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Green growth – a synthesis of scientific findings

Capasso, Marco; Hansen, Teis LU ; Heiberg, Jonas LU ; Klitkou, Antje and Steen, Markus (2019) In Technological Forecasting & Social Change 146. p.390-402
Abstract
Governments in countries across the world increasingly adopt the “green growth” discourse to underline their ambition for the greening of their economies. The central tenet of this narrative is the economic opportunities rather than challenges arising from the pursuit of environmental sustainability. Our paper synthesises insights from 113 recent scientific articles, dealing with both environmental issues and economic growth, as well as innovation. Our ambition is exploratory in attempting to take stock of heterogeneous contributions across the spectrum of social science. The articles have been reviewed with a focus on six themes, derived from current discussions in economic geography and transition studies: skills, technology, physical... (More)
Governments in countries across the world increasingly adopt the “green growth” discourse to underline their ambition for the greening of their economies. The central tenet of this narrative is the economic opportunities rather than challenges arising from the pursuit of environmental sustainability. Our paper synthesises insights from 113 recent scientific articles, dealing with both environmental issues and economic growth, as well as innovation. Our ambition is exploratory in attempting to take stock of heterogeneous contributions across the spectrum of social science. The articles have been reviewed with a focus on six themes, derived from current discussions in economic geography and transition studies: skills, technology, physical resources, markets, institutions and policies. Four major implications emerge from the review. First, green growth requires competences that allow for handling complex, non-routine situations – in both the private and the public sector. Second, technological progress should be directed towards greener technologies, to avoid investments funds being channelled to brown technologies for short-term returns. Third, our knowledge of the opportunities for achieving green growth must base upon a joint assessment of market failures, structural system failures and transformational system failures. Finally, greater attention should be devoted to the geography of green growth processes at different scales. (Less)
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author
organization
publishing date
type
Contribution to journal
publication status
published
subject
in
Technological Forecasting & Social Change
volume
146
pages
390 - 402
publisher
Elsevier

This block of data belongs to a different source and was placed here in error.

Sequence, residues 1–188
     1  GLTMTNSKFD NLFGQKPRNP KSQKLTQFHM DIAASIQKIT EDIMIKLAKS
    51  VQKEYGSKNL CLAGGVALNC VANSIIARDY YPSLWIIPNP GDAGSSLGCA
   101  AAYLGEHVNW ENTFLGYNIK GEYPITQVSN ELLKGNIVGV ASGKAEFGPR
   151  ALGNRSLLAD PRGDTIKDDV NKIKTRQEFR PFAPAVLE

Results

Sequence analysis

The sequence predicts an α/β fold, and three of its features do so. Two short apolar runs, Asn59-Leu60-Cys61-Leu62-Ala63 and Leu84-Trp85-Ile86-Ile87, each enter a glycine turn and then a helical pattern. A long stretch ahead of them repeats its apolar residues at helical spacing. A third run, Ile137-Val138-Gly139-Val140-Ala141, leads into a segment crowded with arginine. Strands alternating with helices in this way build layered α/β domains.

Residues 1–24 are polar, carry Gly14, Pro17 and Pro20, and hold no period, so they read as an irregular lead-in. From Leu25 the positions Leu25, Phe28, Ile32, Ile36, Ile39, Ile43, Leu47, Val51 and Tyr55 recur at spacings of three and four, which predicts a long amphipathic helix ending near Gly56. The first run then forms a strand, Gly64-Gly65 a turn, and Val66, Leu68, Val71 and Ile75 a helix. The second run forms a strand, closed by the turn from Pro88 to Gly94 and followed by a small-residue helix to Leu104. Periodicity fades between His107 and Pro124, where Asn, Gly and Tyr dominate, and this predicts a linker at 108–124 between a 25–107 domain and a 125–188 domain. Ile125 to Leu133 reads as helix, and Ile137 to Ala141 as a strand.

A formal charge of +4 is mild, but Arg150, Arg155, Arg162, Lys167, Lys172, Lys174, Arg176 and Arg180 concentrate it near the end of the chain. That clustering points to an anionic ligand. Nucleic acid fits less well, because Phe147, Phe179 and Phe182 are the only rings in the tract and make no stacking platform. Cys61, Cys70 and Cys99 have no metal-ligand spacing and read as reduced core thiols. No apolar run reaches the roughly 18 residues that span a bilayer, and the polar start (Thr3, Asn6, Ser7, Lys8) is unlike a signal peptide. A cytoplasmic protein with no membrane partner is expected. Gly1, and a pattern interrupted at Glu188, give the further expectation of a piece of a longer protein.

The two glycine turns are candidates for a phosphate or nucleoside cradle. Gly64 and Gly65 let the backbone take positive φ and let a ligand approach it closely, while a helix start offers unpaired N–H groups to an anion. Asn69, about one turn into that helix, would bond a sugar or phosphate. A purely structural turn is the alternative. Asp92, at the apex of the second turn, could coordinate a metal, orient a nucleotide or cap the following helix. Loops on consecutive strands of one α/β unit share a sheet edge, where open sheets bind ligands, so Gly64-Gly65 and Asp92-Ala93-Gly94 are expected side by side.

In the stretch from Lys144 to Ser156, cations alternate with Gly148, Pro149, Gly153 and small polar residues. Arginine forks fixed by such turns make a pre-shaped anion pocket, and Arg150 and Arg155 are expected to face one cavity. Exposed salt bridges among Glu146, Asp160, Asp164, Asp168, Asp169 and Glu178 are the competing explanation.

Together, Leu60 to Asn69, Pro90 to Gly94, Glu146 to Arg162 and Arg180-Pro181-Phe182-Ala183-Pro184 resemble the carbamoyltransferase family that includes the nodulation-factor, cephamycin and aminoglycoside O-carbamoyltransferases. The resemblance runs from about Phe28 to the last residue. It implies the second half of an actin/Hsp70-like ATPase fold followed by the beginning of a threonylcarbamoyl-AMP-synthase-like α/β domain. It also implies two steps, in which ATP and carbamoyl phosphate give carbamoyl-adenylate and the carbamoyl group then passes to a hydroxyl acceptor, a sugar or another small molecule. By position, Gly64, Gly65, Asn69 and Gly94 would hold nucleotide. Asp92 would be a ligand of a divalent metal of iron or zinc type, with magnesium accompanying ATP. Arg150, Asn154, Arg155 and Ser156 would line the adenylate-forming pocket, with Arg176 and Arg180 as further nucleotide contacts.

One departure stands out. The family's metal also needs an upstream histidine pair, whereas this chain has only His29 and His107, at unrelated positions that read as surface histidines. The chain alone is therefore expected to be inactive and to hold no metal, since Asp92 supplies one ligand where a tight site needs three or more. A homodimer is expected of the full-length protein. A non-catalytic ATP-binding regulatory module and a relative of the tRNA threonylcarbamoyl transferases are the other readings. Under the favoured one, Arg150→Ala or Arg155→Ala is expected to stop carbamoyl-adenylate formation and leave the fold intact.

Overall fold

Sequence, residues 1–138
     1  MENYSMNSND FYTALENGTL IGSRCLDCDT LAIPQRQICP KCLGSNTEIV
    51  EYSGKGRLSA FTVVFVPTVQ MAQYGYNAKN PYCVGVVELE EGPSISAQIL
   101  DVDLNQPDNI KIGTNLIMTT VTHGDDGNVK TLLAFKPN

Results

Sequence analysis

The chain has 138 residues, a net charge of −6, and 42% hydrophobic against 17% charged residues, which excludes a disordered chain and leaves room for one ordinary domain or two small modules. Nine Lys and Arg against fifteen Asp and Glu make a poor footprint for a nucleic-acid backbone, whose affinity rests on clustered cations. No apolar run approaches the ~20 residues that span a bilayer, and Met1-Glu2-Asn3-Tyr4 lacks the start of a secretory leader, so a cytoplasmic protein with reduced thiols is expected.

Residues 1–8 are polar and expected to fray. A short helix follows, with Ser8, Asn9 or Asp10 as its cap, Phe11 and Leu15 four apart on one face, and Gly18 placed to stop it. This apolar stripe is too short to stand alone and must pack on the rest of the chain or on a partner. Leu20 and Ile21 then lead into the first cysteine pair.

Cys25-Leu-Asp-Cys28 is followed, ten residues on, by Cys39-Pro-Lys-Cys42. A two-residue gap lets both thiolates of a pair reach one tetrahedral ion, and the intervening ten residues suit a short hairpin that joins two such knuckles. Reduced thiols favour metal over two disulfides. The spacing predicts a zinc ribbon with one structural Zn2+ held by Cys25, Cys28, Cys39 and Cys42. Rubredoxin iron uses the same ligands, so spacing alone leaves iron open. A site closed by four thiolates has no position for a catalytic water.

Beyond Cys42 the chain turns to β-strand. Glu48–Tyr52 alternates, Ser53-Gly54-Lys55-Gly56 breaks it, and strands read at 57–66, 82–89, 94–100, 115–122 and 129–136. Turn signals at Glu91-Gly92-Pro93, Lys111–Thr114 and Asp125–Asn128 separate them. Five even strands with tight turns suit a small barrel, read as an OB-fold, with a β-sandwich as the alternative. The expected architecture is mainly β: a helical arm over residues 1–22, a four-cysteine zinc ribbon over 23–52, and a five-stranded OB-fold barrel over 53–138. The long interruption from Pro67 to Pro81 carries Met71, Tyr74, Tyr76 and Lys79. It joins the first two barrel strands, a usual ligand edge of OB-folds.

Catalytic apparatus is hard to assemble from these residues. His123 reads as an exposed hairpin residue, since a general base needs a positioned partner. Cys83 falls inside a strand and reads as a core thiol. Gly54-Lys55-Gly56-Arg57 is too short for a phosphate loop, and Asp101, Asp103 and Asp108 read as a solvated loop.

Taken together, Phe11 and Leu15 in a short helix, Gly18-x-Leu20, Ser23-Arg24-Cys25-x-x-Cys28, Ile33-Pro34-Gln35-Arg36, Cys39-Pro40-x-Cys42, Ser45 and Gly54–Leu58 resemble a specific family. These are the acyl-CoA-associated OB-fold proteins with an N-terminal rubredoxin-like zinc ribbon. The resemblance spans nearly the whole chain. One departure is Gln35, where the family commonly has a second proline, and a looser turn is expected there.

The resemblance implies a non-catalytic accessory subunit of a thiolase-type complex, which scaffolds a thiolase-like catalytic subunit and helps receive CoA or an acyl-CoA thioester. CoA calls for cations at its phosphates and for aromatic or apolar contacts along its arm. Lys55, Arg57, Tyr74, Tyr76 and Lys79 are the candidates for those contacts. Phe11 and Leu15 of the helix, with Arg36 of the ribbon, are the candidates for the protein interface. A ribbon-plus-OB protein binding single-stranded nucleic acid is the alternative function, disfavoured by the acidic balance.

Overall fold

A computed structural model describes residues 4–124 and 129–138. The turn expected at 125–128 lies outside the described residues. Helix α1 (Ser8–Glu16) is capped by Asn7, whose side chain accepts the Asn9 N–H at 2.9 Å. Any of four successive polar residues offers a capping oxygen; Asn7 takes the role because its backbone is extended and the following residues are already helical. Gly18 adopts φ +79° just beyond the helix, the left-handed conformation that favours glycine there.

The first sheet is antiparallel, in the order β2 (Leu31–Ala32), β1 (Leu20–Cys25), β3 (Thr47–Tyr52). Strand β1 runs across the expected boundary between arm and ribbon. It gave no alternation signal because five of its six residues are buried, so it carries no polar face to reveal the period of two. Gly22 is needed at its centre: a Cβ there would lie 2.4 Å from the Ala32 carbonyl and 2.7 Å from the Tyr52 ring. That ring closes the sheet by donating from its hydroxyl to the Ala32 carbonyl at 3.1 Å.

external identifiers
  • scopus:85068140468
ISSN
0040-1625
DOI
10.1016/j.techfore.2019.06.013
language
English
LU publication?
yes
id
082f979e-1c19-48a5-9a92-ae42edf15e61
date added to LUP
2019-06-19 19:30:49
date last changed
2019-08-06 03:22:19
@article{082f979e-1c19-48a5-9a92-ae42edf15e61,
  abstract     = {Governments in countries across the world increasingly adopt the “green growth” discourse to underline their ambition for the greening of their economies. The central tenet of this narrative is the economic opportunities rather than challenges arising from the pursuit of environmental sustainability. Our paper synthesises insights from 113 recent scientific articles, dealing with both environmental issues and economic growth, as well as innovation. Our ambition is exploratory in attempting to take stock of heterogeneous contributions across the spectrum of social science. The articles have been reviewed with a focus on six themes, derived from current discussions in economic geography and transition studies: skills, technology, physical resources, markets, institutions and policies. Four major implications emerge from the review. First, green growth requires competences that allow for handling complex, non-routine situations – in both the private and the public sector. Second, technological progress should be directed towards greener technologies, to avoid investments funds being channelled to brown technologies for short-term returns. Third, our knowledge of the opportunities for achieving green growth must base upon a joint assessment of market failures, structural system failures and transformational system failures. Finally, greater attention should be devoted to the geography of green growth processes at different scales.},
  author       = {Capasso, Marco and Hansen, Teis and Heiberg, Jonas and Klitkou, Antje and Steen, Markus},
  issn         = {0040-1625},
  language     = {eng},
  pages        = {390--402},
  publisher    = {Elsevier},
  series       = {Technological Forecasting & Social Change},
  title        = {Green growth – a synthesis of scientific findings},
  url          = {http://dx.doi.org/10.1016/j.techfore.2019.06.013},
  volume       = {146},
  year         = {2019},
}